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Lazy tax is lazy business

It’s been called a “loyalty tax”; the practice of charging existing customers more than new customers, penalising them for their longevity. But what we’re really talking about is a “lazy tax”, and that is lazy business.

Lazy tax trades on our tendency as humans to leave things as they are. It’s our preference to set and forget because we’ve got more interesting or important things to think about. It plays out most strongly in ‘low engagement’ categories like utilities, insurance and loans.

A striking example of lazy tax was in the Reserve Bank of Australia’s last quarterly review of monetary policy. When it came to home loans, the RBA found “new borrowers, on average pay lower rates than existing customers”. On a loan of $250,000, this can mean existing customers pay $1,000 more in interest a year.

Of course, the answer is simple. Just go and shop around, as RBA Governor Philip Lowe has suggested.

As someone who has just gone through car and home insurance renewals, along with gas and power, I can tell you it is definitely worth doing. But gee, I resent having to.

And why should the burden be on your customer? Isn’t it smarter business to retain your customer by treating them well than by preying on their inertia?

Here are two retention strategies I’ve just experienced as a customer. See if you agree with which one I believe is best.

Reactive retention strategy

Some businesses, insurers like Youi for example, make customers call to cancel. You are put through to their “retention specialists” who pull out all stops to retain you. Suddenly discounts are falling out of the sky.

I used to think this was a smart move on their behalf. Adding friction into the process by making customers call means they are less likely to do so.

Now I think it’s just poor practice because customers are left thinking, “Why make me jump through hoops when you talk about how important your customers are to you?” And “why didn’t you just do this in the first place?”

Proactive retention strategy

Which is why I was so pleased to see a utilities provider go on the front foot with their retention strategy. Simply Energy notified me of a price increase and were very smart how they did it. Four things they did to retain me:

  1. Called it a “Price Change” notification. When sending your customers a price increase letter, refer to it as a “change” or “adjustment” in most of the copy to soften the blow. Ensure you clarify whether it is an increase at least once, but don’t go on about it.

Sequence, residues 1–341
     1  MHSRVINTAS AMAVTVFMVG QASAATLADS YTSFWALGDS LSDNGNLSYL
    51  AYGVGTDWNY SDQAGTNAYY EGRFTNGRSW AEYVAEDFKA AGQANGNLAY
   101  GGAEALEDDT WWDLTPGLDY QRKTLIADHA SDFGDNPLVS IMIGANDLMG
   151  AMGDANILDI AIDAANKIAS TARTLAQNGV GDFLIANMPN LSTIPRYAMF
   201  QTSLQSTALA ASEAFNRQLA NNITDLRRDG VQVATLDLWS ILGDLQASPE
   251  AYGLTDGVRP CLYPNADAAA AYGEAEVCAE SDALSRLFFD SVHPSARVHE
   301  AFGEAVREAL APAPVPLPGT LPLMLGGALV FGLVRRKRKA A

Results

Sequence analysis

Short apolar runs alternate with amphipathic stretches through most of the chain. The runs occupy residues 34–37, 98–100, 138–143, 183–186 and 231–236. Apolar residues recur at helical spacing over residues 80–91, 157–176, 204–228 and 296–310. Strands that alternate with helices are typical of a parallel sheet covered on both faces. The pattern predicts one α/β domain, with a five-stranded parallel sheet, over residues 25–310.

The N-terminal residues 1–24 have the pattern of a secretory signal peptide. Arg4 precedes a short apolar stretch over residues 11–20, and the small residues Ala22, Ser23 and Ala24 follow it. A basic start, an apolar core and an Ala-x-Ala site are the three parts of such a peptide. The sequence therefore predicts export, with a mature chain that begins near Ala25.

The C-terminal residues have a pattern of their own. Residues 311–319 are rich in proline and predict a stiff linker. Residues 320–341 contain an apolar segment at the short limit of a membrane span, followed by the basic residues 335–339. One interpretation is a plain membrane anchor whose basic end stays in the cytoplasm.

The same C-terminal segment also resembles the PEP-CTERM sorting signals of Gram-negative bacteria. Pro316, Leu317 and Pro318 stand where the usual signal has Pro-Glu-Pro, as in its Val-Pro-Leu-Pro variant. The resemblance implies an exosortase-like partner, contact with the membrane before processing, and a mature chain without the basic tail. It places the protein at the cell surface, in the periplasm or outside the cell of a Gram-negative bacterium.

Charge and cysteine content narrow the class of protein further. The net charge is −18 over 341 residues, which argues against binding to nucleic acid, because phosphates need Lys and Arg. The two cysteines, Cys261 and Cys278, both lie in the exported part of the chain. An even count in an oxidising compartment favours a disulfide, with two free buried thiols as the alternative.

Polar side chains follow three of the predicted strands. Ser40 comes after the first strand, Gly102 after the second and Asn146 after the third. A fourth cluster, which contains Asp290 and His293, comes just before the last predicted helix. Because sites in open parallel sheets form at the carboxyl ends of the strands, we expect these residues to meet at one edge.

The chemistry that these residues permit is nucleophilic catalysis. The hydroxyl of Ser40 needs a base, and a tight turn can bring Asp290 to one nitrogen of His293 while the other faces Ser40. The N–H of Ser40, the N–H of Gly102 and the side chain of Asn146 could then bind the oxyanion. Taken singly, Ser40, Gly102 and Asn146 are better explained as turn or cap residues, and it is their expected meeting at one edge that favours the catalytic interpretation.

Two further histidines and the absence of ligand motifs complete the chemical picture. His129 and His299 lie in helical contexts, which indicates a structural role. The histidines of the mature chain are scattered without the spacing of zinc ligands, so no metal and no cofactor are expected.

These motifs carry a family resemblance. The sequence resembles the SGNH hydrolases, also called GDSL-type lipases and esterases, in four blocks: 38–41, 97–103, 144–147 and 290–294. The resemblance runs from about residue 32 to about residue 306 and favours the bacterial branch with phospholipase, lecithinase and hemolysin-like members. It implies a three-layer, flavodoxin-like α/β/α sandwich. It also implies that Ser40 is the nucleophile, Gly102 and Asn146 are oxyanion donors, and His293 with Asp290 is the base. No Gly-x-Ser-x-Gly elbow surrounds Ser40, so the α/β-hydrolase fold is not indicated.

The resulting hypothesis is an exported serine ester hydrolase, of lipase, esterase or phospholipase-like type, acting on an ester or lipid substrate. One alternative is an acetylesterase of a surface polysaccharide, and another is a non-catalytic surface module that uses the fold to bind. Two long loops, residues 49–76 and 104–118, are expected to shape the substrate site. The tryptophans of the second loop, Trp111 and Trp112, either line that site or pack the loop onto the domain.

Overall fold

2. Personalised the impact. “What it means for you” got down to specific implications for my bill. A generic percentage increase (e.g. your price will increase by 2%) is less helpful – and less concrete – than a specific dollar amount.
  3. Provided rationale. Customers are more likely to accept what you are saying if you provide a “because”. Famously, people in a study by Langer, Blank, and Chanowitz,(1978) were more likely to allow someone to cut ahead of them in a line to make photocopies if the person gave them a reason, even if that reason was as simple as “because I need to make copies’!
  4. Offered respite. With the bad news delivered, they then went on to offer a way of saving money in a very specific way. Further, they framed it both as a gain “save money” and a way to “cost me less”, covering both customers who have a promotion (gain) focus, and those with a prevention (avoid loss) focus.

The result? I called them and switched to plans that saved me money. I did not even consider competitor offers because - guess what? - I am lazy! They were catering to my need for ease but not preying on it. This is the difference.

Clearly, lazy tax is lazy business. As Simply Energy have demonstrated, there are ways to proactively retain customers. Prove you have their interests in mind and you’ll not only keep them but keep them believing in you.


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